Co-ops mean business and the government must take this seriously. This is the defiant message from Co-operatives UK.
Responsibility for co-operatives is split across various ministerial departments, and the sector body is asking members if it should take action.
One of the pitfalls of being a co-op is “burdensome account reporting”, while many business schemes and targets exclude co-operatives. Co-ops are also marginalised in employee-ownership policy, according to Co-operatives UK.
Co-ops UK says giving co-ops a better service within government is not a priority for the Treasury, but if co-ops can show how they are impacted and gain ministerial support, then this change is more likely. So speak up!
To reverse this sunken playing field for co-ops, the sector body says the Department for Business Innovation and Skills should take responsibility for all co-operatives.
With one department in control of all businesses, co-ops will be under one roof with other firms and are likely to not be missed out on any future initiatives.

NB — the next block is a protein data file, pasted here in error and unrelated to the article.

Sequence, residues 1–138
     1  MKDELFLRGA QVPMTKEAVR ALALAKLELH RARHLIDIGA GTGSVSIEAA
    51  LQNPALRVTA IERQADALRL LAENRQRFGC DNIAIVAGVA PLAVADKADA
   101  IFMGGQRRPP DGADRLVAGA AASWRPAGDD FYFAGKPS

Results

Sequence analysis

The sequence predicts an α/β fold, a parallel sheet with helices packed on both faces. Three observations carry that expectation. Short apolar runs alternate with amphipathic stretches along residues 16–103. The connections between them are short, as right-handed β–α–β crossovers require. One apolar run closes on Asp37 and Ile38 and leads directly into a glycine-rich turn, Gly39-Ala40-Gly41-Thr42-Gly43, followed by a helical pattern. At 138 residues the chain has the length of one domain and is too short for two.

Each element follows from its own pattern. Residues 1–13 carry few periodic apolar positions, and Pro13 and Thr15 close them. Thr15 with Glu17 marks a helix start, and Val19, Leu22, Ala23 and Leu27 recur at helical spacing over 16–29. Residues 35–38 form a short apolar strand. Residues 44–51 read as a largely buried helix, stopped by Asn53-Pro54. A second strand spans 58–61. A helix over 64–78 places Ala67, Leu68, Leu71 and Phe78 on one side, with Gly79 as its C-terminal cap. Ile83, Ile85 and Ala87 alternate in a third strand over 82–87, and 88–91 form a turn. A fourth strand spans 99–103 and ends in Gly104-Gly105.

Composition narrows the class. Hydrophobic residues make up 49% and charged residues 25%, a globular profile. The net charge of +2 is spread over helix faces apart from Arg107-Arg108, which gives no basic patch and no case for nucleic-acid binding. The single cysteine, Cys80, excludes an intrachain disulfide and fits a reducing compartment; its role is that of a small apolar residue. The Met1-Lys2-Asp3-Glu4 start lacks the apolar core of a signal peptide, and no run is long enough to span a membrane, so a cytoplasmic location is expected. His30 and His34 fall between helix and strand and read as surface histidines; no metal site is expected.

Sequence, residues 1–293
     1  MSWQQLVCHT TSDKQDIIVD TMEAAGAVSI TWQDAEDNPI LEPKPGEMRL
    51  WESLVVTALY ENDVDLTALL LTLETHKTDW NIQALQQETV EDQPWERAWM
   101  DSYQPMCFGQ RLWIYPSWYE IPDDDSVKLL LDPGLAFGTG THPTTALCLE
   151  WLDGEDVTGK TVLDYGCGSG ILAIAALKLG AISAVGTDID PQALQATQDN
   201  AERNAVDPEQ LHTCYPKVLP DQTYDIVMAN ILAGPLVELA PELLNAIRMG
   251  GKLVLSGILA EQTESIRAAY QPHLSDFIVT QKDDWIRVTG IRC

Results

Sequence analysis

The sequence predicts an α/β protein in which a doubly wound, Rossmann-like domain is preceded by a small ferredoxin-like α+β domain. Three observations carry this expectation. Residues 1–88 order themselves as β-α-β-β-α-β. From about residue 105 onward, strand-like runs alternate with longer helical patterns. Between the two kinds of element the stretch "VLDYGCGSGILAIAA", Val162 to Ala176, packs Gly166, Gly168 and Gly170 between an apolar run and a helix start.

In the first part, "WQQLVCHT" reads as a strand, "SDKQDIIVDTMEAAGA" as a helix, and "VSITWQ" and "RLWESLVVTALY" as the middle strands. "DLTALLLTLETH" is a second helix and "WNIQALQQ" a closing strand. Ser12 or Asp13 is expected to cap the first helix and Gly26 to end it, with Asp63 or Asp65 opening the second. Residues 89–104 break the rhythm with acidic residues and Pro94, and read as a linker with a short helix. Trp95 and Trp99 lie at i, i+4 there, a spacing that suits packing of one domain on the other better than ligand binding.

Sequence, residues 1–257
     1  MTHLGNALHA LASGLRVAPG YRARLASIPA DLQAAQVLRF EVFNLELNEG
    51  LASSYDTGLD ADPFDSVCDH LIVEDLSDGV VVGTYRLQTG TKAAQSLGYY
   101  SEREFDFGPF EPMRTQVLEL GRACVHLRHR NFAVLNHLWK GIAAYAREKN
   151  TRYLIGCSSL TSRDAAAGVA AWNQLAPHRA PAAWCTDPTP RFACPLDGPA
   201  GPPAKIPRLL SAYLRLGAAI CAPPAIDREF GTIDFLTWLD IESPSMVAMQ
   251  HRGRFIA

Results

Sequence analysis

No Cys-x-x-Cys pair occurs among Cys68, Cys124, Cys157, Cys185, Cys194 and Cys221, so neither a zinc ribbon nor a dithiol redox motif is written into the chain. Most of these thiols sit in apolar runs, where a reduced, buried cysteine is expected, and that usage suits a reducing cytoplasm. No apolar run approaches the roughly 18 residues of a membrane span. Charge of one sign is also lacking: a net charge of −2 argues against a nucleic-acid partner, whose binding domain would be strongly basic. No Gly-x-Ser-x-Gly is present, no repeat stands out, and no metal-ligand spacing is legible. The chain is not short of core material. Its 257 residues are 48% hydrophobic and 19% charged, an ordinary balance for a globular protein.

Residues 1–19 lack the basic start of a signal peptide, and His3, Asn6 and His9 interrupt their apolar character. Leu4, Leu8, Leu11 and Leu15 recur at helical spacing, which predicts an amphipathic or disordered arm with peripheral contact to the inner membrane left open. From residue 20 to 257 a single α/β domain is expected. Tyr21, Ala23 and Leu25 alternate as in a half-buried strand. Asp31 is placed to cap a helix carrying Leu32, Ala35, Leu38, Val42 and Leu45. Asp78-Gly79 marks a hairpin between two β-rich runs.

A co-op disadvantage has always existed. Journalist Andrew Bibby looked at this issue for Co-operative News last August when he asked the question; “why would anyone choose to register a co-op when other legal forms are much cheaper?”
That article looked at the cost to setup and maintain a co-op. For example a society with a turnover in excess of £90,000 has to obtain an accountants’ report – something that is not required for ‘normal’ companies.
It costs £15 to register at Companies House, but for a co-op this can range from £40-£950 depending on how many changes are made to a set of model rules.
Data on co-ops is harder to access. It costs £12 to download a PDF of annual returns when compared to free Companies House, which is available in a number of computer formats.
The costs can be so prohibitive that a worker co-operative consultant, Cath Muller, who co-edits Radical Routes’ ‘How To Set Up a Workers Co-op’, advises those with insufficient funds to set up a co-op through Companies House.
There is a running theme of regulation throughout in recent stories we’ve published. There is the worker co-op that had to change its co-op structure to take better advantage of tax regulations.
And the Future Co-operatives conference asked if better regulation is actually a good thing. There one of its speakers argued that cutting red tape can lead to impacts in other areas.
But as co-operators agreed at that conference, the movement is political at heart, and if co-ops feel they are being marginalised and there is a positive solution, then the sector should use all of its political might to level that playing field.